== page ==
Optimising call handling in a multi-node conferencing infrastructure

- Cisco Technology, Inc.

A method for adding a call from a second client to a videoconference; wherein a call from at least a first client is connected to the videoconference, the call from the first client comprising first call control data and first call media data; wherein the call from the second client comprises second call control data and second call media data; and wherein a first node in a videoconferencing network handles the first call media data; the method comprising: handling the second call control data at a second node of the videoconferencing network; determining whether at least one criterion is satisfied; and in the event that at least one criterion is satisfied, diverting the second call media data to the first node of the videoconferencing network.

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Description

PRIORITY CLAIM

This application claims priority to Great Britain Application No. 1621655.8, filed Dec. 19, 2016, the entirety of which is incorporated herein by reference.

TECHNICAL FIELD

The present disclosure relates to data handling in networks. More particularly, the present disclosure relates to call media handling in videoconferencing systems.

BACKGROUND

In videoconferencing systems, multiple videoconferencing servers may be used to host videoconferences. For example, for efficiency reasons a large capacity conferencing infrastructure might be split across multiple separate units or servers. The total capacity needed at any given time across multiple active conferences might exceed that of an individual box, or it might be that it is necessary for the hosting organisation to be able to take different units out of service (for instance for software upgrades) without ending the service completely.

When a new participant, or user, dials into a videoconferencing system, their call is generally connected to the nearest videoconferencing server (or node). This may be the geographically nearest node to the user's videoconference equipment, or it may be the nearest node in terms of network latency.

The decision on which node to connect an incoming call to may also be based on load balancing. For instance, a call routing system that can place a call on one of several conferencing servers might choose to place new calls on the servers according to a “round robin” scheme whereby (for instance in the case of a 2 server system) the first call might be placed on box 1, the second on box 2, the third call on box 1, and so on.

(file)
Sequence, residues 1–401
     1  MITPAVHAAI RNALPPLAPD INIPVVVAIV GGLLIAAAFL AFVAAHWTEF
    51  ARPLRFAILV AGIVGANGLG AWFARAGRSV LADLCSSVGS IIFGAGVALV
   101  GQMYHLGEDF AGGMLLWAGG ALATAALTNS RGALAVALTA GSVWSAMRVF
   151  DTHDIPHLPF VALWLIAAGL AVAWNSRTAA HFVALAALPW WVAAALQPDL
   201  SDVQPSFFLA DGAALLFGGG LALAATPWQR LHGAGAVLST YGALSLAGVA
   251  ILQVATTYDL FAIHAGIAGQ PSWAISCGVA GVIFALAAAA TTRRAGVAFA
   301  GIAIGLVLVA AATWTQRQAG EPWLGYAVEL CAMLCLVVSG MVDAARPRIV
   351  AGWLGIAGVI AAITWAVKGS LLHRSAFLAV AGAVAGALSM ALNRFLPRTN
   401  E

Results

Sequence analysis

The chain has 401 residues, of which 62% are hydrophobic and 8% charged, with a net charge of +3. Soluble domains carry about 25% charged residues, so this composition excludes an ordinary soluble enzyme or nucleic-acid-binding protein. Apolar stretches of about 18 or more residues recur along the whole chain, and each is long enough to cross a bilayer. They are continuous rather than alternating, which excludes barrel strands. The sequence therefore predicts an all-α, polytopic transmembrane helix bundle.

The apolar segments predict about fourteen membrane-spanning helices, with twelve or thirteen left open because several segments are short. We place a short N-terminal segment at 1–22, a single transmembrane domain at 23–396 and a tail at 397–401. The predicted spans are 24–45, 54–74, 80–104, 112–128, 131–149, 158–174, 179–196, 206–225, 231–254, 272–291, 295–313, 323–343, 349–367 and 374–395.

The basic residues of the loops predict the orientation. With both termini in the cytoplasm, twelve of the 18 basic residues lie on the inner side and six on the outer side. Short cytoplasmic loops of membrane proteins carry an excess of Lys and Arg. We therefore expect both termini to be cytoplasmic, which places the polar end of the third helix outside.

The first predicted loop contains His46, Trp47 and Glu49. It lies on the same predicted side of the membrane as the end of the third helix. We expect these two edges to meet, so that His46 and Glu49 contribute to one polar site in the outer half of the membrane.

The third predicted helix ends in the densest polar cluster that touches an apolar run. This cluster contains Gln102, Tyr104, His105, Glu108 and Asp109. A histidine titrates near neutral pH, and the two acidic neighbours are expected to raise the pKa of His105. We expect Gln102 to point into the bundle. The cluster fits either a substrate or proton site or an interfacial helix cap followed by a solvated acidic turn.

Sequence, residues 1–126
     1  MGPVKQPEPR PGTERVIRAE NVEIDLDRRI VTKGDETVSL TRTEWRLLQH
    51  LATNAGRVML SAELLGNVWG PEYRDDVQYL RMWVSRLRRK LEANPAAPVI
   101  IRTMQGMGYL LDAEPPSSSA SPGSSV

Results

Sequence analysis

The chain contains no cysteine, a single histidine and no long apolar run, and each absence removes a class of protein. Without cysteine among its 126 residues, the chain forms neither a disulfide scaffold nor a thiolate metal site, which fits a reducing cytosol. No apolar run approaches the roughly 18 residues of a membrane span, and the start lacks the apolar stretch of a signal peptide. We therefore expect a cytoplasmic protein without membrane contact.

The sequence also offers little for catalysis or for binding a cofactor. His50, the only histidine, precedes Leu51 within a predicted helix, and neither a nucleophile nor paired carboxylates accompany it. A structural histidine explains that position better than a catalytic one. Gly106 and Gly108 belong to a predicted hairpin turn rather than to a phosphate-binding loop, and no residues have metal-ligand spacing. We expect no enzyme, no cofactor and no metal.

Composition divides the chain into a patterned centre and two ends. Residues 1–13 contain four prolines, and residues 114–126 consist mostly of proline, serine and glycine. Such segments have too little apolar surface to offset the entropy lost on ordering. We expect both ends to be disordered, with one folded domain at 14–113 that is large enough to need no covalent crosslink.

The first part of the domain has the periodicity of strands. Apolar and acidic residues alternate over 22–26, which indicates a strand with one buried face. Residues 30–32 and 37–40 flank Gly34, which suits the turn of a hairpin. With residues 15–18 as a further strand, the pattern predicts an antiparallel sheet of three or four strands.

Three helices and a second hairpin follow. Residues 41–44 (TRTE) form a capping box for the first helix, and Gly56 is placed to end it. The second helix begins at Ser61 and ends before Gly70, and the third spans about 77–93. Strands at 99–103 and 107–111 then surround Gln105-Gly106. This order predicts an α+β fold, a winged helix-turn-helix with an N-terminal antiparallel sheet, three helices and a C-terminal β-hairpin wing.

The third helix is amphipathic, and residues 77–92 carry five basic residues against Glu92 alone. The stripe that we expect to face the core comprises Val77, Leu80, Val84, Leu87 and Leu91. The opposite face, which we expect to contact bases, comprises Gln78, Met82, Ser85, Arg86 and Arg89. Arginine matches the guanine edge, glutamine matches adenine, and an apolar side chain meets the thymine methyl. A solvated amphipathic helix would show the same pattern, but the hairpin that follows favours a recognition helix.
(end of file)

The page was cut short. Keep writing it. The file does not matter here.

BRIEF DESCRIPTION OF THE DRAWINGS

Embodiments will now be described, by way of example only and with reference to the accompanying drawings, in which:

FIG. 1 illustrates an exemplary view of a videoconferencing system;

FIG. 2 illustrates an exemplary method for adding an incoming call to a video conference;

FIG. 3A shows a flow diagram illustrating an exemplary method for determining whether at least one criterion is satisfied;

FIG. 3B shows a flow diagram illustrating a continuation of the method shown in FIG. 3A;

FIG. 4 illustrates an exemplary message flow for adding an incoming call to a video conference according to a first approach;

FIG. 5 illustrates an alternative exemplary message flow for adding an incoming call to a video conference using the first approach;

FIG. 6A illustrates an exemplary message flow for adding an incoming call to a video conference according to a second approach;

FIG. 6B illustrates an alternative exemplary message flow for adding an incoming call to a video conference according to the second approach;

FIG. 7A illustrates an exemplary flow of the message flow for adding an incoming call to a video conference using a third approach; and

FIG. 7B illustrates an alternative exemplary flow of the message flow for adding an incoming call to a video conference using the third approach.

DESCRIPTION OF EXAMPLE EMBODIMENTS

Overview

There is described herein a method for adding a call from a second client to a videoconference; wherein a call from at least a first client is connected to the videoconference, the call from the first client comprising first call control data and first call media data; wherein the call from the second client comprises second call control data and second call media data; and wherein a first node in a videoconferencing network handles the first call media data; the method comprising: handling the second call control data at a second node of the videoconferencing network; determining whether at least one criterion is satisfied; and in the event that at least one criterion is satisfied, diverting the second call media data to the first node of the videoconferencing network.

By diverting (at least) the call media data for the incoming call to a first node/conferencing server upon determining that a certain criterion is satisfied, the distribution of the media handled for calls on the same videoconference can be reduced and the videoconferencing system can work more efficiently, irrespective of the initial placement of the incoming call.

EXAMPLE EMBODIMENTS

The round robin scheme discussed above often gives little or no consideration to the advantage of having calls for the same conference placed together, and so it may end up that there is a lot more “distribution” of calls for the same conference across multiple boxes than there needs to be.

There are a variety of possible approaches to improving the efficiency of handling videoconference calls split across multiple nodes or servers in a videoconferencing network.